Browsing Masters Degrees (General Linguistics) by Title
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- ItemThe acquisition of wh-question constructions in Mandarin Chinese by L1 isiXhosa-speaking and L1 English-speaking high school learners(Stellenbosch : Stellenbosch University, 2016-12) van Heukelum, Marie-Louise de la Marque; Potgieter, Anneke; Stellenbosch University. Faculty of Arts and Social Sciences. Dept. of General Linguistics.ENGLISH ABSTRACT: This study investigates the acquisition of main clause wh-questions in Mandarin Chinese, at an elementary stage of language learning, by first language (L1) Englishand L1 isiXhosa-speaking high school learners. English is termed a “wh-movement” language because the wh-expression moves from its canonical position in the clause into a sentence-initial position. In English, the wh-feature is said to be marked and strong ([uwh*]), resulting in movement of the wh-expression. isiXhosa and Mandarin, however, are both “wh-in-situ” languages because the wh-feature is claimed to be unmarked and weak ([uwh]), resulting in the wh-expression receiving its phonetic spell-out “on site”. According to the Initial Hypothesis of Syntax (IHS; Platzack, 1996), unmarked features are present in a learner’s L1 (and L2/L3) initial state as the “default” features. The [-movement] parameter associated with the selection of the unmarked [uwh] feature results in in-situ wh-question constructions and is claimed to be the first parameter tested against target language (TL) input. Consequently, the acquisition of in-situ wh-questions is expected to be unproblematic. It was tested whether L1 isiXhosa (L2 English L3 Afrikaans) participants would outperform L1 English (L2 Afrikaans) participants on a set of wh-question tasks as a result of facilitative L1 transfer, or whether results would be comparative due to the unmarked [uwh] feature’s early instantiation in the participants’ Mandarin interlanguage grammar. Sentence formation, oral production, grammaticality judgement and sentence translation tasks were administered to 20 participants. Results did not reveal a statistically significant difference between the two groups’ performance, but an analysis of the participants’ errors revealed different patterns indicative of L1 and L2 (or L3) transfer. Both groups failed to fully acquire the correct wh-in-situ structure in Mandarin and transfer from English or Afrikaans was evident, resulting in a close to even split between wh-movement and wh-in-situ structures being produced or rated as grammatical. The two groups’ production/selection of both wh-in-situ and wh-movement questions at an elementary stage of language acquisition suggests that the unmarked [uwh] feature associated with the [-movement] parameter is instantiated in their early TL Stellenbosch University https://scholar.sun.ac.za iii grammars, but that transfer of the [+movement] parameter is still prevalent at this stage. It is predicted that without the necessary morphological competence required to recognise that the marked strong [uwh*] feature of wh-movement languages is not instantiated in Mandarin, variability will persist in the form of transfer from the learners’ previously acquired grammars until Mandarin input is sufficient to eliminate the selection of the [uwh*] feature and application of the [+movement] parameter. This study supports the claim that unmarked features are present in a learner’s initial state. Crucially, however, results indicate that L3/L4 (and, by assumption, L2) acquisition does not only commence with the most economical derivations, but that all other previously acquired linguistic knowledge forms the basis for the learner’s initial hypotheses about the TL grammar. As such, it is claimed that the IHS does not have precedence over cross-linguistic influence. Finally, it is also revealed that, as with child language acquisition, wh-words are acquired in a specific order by adults too, and that this acquisition order is based on the syntactic and semantic complexity of the wh-word in question.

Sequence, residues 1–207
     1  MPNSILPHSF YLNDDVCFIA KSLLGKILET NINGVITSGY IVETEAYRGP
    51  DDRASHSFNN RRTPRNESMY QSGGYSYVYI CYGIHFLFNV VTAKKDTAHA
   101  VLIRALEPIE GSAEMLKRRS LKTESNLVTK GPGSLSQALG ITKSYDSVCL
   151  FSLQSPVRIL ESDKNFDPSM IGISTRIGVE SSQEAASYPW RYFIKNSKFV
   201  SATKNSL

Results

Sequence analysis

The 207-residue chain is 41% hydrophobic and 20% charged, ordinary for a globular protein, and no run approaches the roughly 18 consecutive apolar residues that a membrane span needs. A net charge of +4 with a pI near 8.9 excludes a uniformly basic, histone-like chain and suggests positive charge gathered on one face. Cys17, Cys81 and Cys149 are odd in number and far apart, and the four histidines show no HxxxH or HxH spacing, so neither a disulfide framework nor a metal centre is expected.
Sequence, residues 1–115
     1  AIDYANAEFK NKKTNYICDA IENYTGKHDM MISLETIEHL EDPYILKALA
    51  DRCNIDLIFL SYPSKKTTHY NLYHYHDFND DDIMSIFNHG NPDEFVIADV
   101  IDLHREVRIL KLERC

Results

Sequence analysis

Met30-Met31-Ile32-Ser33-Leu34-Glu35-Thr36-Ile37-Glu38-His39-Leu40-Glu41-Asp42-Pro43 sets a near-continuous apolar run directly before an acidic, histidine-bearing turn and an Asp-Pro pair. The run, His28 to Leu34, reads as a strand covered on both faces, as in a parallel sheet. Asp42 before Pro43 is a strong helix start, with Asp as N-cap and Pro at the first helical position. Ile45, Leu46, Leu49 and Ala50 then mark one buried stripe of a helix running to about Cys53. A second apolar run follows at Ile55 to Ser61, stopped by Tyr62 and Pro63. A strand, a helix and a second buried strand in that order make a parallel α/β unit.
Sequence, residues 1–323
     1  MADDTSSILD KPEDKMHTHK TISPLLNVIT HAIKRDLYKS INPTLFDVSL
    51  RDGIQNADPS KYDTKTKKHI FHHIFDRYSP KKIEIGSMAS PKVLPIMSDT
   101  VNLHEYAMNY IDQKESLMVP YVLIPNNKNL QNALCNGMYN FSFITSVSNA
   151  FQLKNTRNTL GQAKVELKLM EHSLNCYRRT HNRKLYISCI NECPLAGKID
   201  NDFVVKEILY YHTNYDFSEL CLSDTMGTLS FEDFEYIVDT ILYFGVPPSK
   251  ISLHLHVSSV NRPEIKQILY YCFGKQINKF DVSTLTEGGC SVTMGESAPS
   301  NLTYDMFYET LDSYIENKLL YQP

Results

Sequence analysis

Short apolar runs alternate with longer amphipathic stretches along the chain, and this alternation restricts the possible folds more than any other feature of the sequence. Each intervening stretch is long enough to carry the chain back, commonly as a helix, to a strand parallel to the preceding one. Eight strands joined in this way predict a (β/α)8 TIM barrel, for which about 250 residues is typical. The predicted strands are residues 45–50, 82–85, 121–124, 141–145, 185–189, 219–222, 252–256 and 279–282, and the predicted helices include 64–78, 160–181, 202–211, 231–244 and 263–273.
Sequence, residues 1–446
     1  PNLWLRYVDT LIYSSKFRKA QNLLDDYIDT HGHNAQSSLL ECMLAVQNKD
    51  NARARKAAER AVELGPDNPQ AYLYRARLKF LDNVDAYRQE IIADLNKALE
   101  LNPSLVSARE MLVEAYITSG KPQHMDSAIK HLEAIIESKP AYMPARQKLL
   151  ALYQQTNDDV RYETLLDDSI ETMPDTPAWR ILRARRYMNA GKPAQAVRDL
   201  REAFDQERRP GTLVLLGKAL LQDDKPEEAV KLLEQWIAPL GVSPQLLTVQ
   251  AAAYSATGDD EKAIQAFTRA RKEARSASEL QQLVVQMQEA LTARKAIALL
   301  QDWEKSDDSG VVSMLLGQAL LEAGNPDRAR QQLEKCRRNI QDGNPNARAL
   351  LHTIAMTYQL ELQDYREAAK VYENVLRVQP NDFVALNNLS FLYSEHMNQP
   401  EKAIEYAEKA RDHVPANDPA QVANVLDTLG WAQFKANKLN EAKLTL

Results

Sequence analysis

- ItemAfrikaans on the Cape Flats : performing cultural linguistic identity in Afrikaaps(Stellenbosch : Stellenbosch University, 2016-03) Carolissen, Jade; Oostendorp, Marcelyn; Southwood, Frenette; Stellenbosch University. Faculty of Arts and Social Sciences. Department of General Linguistics.ENGLISH ABSTRACT: This thesis examines Kaaps and how speakers use this linguistic variety to demonstrate or perform various aspects of their identities. The theories of Butler (1990) and Pennycook (2004) are used to investigate how language is used to perform identity. Using transcripts of the Afrikaaps theatre production and an interview with an Afrikaaps performer, Emile Jansen (also known as Emile YX?), the themes of self-knowledge as opposed to shame within the Coloured community are investigated. Also pertinent to this discussion are the themes of hybridity and marginality. Furthermore, the theatre production’s emphasis on the legalisation of Kaaps is further explored in this thesis. A discussion of the methodology and data collection instruments follows. Thematic analysis is used to analyse the various narratives raised. Thereafter, the efficacy of Kaaps to instigate new conversations about the language variety as a site for identity creation is discussed. This is done by evaluating Kaaps based on the critique of the 1985 Black Writer’s Symposium’s offered by Richard Rive. The conclusion notes the limits of time and space in this particular project. It underscores the ground-breaking role Afrikaaps played in changing perceptions on the black or creole (or both) origins of Afrikaans and the role it played in inspiring pride in Kaaps speakers